AF: Broadly speaking, do you think the refugee crisis is an issue that should be shouldered by all European countries? Or do you think this is something that needs to be dealt, unilaterally, from country to country?
LR: No, it should be-, it should be, you know, solved in solidarity among the European countries, and that's why I have been advocating, from the very first beginning, that we should protect our external borders, and then we should fight root causes. It's true that we have brought our numbers down to the lowest we have seen for the last nine years, but that has already, also, given us the opportunity to expand our activities in Africa-,
LR: So, we have now the biggest aid budget we have ever had, in terms of humanitarian assistance, and what Europe is doing right now is that we are trying to establish a partnership with certain African countries, because we need a 'more for more' attitude, where we invest more in Africa, so we give a hope for the future, for the youngsters. We should invest in infrastructure, we should invest in good governance, we should bring a hope for the future-,
LR: And then we should ask these countries to accept the return of their own citizens, if they moved to Europe without, you know, any permission to move to Europe.
AF: Mm. I wonder, though, broadly speaking, I know you've heard this criticism before, but, exactly about how Denmark has dealt with this issue. We're looking at 67 regulations, one of the more controversial ones, seizing some of the assets-,
AF: Of refugees who are coming in. I wonder if you think there's a more humane way to deal with this specific issue.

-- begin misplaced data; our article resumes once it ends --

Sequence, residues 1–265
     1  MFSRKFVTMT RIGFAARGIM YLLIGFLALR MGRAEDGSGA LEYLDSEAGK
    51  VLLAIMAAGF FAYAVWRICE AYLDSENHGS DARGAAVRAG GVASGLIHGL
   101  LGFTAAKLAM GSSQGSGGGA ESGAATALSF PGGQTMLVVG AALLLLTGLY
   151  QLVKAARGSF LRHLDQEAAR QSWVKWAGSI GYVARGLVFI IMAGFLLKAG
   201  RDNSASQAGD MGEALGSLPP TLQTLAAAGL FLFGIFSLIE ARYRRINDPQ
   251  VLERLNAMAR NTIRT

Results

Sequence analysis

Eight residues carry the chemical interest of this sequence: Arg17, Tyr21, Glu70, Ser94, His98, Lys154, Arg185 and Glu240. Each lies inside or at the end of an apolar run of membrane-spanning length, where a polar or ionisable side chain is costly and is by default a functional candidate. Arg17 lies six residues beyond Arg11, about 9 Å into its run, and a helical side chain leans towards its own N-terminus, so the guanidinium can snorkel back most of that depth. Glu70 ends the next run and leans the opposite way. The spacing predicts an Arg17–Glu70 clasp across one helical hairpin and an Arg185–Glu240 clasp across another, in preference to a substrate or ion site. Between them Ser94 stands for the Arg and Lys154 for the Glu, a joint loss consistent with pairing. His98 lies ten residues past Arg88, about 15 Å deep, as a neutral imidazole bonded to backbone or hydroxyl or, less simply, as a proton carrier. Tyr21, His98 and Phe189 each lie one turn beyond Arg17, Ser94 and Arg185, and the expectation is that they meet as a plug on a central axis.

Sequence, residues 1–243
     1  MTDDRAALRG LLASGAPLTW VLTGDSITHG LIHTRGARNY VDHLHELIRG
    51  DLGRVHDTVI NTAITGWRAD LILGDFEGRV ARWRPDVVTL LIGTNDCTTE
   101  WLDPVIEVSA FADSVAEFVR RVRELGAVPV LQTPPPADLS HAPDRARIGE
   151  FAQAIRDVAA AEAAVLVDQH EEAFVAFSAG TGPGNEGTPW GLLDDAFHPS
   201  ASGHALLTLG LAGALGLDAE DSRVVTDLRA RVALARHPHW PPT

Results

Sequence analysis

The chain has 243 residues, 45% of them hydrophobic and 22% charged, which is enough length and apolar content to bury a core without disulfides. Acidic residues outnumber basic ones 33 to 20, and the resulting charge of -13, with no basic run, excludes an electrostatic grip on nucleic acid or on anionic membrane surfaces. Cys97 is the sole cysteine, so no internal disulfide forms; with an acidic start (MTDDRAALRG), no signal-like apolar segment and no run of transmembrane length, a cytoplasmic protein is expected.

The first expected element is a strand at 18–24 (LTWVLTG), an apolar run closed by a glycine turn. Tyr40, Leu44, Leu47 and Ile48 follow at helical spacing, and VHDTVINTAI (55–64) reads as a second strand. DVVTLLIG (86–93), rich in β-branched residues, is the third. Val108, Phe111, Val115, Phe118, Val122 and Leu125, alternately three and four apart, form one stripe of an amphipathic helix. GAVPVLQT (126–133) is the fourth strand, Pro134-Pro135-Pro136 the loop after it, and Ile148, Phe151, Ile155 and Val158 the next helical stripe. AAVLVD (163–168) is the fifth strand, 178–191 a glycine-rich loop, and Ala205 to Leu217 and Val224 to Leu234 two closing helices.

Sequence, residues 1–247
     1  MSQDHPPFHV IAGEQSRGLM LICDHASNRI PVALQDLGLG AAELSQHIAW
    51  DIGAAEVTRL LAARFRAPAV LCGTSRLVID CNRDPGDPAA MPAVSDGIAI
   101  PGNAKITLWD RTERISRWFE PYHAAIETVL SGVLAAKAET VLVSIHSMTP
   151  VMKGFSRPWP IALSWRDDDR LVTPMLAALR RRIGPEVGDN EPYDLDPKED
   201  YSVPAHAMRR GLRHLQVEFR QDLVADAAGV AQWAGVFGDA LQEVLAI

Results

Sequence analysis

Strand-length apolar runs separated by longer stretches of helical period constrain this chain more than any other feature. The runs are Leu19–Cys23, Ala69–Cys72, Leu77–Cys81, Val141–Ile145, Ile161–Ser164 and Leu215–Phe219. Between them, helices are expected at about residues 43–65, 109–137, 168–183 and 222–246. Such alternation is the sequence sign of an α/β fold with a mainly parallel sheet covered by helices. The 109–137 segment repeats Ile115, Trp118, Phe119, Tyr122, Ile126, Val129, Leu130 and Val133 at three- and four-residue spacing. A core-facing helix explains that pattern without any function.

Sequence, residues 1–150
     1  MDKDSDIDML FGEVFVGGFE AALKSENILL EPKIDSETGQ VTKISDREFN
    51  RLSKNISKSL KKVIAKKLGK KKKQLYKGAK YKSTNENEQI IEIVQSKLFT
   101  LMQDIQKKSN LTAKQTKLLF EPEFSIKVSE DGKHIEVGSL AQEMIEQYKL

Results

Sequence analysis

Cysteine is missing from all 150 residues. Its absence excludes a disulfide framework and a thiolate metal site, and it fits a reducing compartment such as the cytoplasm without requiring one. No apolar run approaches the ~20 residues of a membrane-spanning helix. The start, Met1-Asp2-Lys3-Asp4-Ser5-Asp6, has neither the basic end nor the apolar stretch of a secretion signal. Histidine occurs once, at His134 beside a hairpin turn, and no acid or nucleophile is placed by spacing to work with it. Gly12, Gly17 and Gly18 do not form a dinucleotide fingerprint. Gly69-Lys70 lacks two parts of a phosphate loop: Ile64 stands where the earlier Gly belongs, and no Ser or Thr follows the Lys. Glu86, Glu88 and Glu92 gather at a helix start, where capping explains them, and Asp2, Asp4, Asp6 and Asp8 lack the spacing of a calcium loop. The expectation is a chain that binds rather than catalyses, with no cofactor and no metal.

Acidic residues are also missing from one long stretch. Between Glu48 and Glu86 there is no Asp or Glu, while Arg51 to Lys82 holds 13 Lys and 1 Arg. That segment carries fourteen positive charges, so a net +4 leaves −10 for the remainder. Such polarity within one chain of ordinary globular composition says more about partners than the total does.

LR: We are dealing with it in a very humane way.
LR: I think there was a lot of misunderstandings linked to this initiative, and I think a lot of the misunderstanding is due to people not really understand the Scandinavian society model.
LR: Because our model differs a lot from-, from-, from the American model, for instance. I mean, we pay very high taxes, but then, at the same time, you have access to free kindergartens, free education, free healthcare system, etc., etc. But it's based on some kind of, you know, contract between citizens and the society. You offer your workforce to-, your work, to the society, and then, in return, you receive all this. And-, and that model is-, is challenged, if we receive too many, without the necessarily skills to actually be active citizens. So, that's why I have done a lot to decrease the number, but then, at the same, I have made tripartite agreements in Denmark with assorted partners, so that our business community are more willing to accept refugees in the companies. So, we have tripled the number of refugees who earn their own money in Denmark after spending three years in Denmark, compared to the situation two years ago. So, I think there's no easy solution to this. We have to bring down the numbers, we have to invest much more in Africa, and I am p
AF: Unfortunately we're out of time-,
AF: But I do appreciate you stopping by. Danish Prime Minister, Lars Løkke Rasmussen, joining me here.